have the pudding basin haircut that parents here seem to often inflict
on their kids. The others sport styles ranging from relatively normal
to rather outlandish. Whatever their chosen style there is no shortage
of places where they can get it done. Within a couple of minutes walk
of my front door there are at least a dozen barbers. They range from
small rooms opening directly onto the street, with one chair and one
mirror to the rather more elaborate, and strangely named "HoBoy Hair"
salon. If none of those appeal there are also people who, armed with
comm, scissors and a folding chair, will cut your hair at the side of
the road with people passing by and staring at you.
All of which may go some way to explaining why the department store
here has no fewer than six wig shops, presumably to enable you to hide
the more extreme hairstyling disasters.
So when I looked in the mirror and realised I needed a haircut I felt
distinctly nervous at the prospect. All I needed was to have it left
substantially as it is but cut a little shorter and a little tidier.
The problem was how to communicate that to a barber without risking
any of the more ridiculous possibilities. Fortunately one of the other
teachers overheard me mention it and offered to take me to his barber
and stay and translate for me. Seeing the state of his hair I was
still a little dubious about the idea but on the whole it seemed
better than trying to go unassisted.
So this morning he came and showed me how to get to his barber. It was
quite a long walk and he kept up a running commentary on the town,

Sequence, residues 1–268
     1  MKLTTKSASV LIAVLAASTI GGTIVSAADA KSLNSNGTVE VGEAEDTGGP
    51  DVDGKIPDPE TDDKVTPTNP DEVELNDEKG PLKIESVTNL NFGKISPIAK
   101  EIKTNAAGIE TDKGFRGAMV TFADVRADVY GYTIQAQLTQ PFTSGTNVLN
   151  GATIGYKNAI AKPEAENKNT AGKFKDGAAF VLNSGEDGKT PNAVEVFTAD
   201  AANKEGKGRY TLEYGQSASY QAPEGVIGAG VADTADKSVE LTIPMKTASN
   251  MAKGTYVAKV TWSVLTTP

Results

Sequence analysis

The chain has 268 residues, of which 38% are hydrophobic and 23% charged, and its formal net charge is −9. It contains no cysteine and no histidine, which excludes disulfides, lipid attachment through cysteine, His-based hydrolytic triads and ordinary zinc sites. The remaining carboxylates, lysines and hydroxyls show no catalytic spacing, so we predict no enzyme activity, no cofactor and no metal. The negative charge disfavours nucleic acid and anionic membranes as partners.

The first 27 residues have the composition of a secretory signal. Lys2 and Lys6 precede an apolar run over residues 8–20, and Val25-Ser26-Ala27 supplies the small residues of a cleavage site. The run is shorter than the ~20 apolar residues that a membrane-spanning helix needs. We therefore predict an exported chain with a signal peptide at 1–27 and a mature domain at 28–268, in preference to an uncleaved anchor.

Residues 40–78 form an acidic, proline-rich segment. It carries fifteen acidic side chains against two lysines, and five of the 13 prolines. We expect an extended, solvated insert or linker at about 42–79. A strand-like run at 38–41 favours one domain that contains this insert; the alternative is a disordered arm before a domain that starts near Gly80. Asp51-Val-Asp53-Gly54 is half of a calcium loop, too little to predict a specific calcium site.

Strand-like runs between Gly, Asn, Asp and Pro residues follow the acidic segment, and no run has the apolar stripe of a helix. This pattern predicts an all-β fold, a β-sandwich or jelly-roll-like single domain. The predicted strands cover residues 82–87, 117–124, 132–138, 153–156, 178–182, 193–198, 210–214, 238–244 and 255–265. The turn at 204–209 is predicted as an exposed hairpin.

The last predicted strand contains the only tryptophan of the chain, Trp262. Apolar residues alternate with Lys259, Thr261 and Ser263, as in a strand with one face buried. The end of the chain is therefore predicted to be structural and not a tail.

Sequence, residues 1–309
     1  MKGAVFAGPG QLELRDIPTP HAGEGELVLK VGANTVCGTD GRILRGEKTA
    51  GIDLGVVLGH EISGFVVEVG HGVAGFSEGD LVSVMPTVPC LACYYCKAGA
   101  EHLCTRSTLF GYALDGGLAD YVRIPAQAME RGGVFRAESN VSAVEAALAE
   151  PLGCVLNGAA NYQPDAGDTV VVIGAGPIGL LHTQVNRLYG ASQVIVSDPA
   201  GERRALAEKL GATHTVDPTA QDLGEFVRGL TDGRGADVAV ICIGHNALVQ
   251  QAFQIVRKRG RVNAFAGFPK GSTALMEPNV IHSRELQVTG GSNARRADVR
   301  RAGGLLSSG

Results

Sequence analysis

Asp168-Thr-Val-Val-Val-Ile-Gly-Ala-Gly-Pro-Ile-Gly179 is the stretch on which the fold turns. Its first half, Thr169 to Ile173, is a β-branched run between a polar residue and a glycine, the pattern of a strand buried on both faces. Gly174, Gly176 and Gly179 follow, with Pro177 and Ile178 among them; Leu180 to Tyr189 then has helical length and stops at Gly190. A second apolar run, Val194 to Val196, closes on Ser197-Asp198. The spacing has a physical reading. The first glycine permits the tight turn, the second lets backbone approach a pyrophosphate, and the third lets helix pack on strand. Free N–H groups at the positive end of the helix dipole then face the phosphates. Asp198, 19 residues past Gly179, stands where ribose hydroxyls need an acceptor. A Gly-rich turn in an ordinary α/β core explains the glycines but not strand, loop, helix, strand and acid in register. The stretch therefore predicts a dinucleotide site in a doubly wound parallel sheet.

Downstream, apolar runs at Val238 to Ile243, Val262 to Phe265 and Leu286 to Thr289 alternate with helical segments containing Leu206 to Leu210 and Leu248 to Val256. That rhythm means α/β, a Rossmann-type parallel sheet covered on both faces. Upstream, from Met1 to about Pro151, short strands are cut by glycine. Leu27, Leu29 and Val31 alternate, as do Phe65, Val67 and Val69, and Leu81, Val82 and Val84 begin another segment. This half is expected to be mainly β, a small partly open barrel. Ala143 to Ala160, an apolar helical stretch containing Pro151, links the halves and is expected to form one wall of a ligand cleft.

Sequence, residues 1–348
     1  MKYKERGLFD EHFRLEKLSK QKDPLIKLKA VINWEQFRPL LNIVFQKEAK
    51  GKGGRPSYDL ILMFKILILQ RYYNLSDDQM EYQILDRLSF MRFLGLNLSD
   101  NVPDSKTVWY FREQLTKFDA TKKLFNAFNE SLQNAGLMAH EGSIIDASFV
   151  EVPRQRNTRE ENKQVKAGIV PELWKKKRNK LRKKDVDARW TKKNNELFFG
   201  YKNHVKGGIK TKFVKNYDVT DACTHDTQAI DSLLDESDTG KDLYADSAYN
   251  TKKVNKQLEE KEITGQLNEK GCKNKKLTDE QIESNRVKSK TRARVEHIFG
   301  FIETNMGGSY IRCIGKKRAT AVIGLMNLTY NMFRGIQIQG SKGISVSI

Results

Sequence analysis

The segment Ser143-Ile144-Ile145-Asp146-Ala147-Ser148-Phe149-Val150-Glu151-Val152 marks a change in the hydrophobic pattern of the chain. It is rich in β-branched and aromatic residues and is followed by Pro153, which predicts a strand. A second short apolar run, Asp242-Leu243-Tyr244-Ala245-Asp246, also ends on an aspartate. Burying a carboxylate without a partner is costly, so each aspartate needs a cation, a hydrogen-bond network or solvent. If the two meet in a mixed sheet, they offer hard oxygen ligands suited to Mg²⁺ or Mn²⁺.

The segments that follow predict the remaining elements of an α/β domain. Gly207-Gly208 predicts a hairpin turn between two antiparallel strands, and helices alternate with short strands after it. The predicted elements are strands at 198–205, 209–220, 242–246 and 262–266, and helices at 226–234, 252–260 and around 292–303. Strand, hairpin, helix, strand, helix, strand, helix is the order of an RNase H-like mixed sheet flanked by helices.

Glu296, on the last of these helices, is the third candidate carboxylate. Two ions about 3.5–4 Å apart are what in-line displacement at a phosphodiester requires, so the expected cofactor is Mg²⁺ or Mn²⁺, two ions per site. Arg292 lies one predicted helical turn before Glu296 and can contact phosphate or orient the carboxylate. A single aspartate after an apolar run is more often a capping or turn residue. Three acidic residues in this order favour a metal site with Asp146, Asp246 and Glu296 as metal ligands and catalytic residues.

pointing out all sorts of things that I'd missed - the best noodle
shops and dumpling restaurants, various internet cafes (that by
Chinese law cannot be sited within 500 metres of a school) and of
course the dozens of barber shops that I wasn't going to.
Eventually we turned into a street and he stopped and said, "Oh!"
The barber shop (which I wouldn't have been able to identify as such)
was closed and shuttered.
"Don't worry." he said, "I will call the owner."
And he did. He actually telephoned the barber and asked her to come
out and cut my hair. After a brief exchange she apparently agreed.
"She will be twenty minutes." he told me.
Twenty minutes later, after a walk in the small nearby park, he called
"She is just cooking her husband's lunch." he told me.
Finally, after almost an hour she arrived and opened up.
Inside she set about cutting my hair. I was still doubtful because
without my glasses I am far too short sighted to be able to watch the
progress in the mirror. It was really quite surreal. She chatted away
in Chinese with the equivalent of "Been on your holidays yet this
year, sir?" My colleague translated into English. I replied just as if
I were in a barber shop in England. He translated back and she asked
another question. If she asked, "Something for the weekend, sir." he
neglected to translate it.
When she had finished and I had retrieved my glasses I was relieved to
find it looking as I'd intended but she hadn't finished. She then
insisted on washing it and when I said that, as it was a bright sunny
day, I didn't need to have it dried, they were both horrified. I would
certainly become ill if I went out with wet hair, I was informed, and
I might die. I let her dry it.
Then I asked the price. It was five yuan - fifty pence. As we walked
back down the road I was told that had I gone to one of the other
barbers it night well have been double that. Given that the cheapest
barber I know in the UK charges six pounds and most are much more
expensive than that, I couldn't help thinking I'd had a bargain.
I wonder what the roadside barbers charge.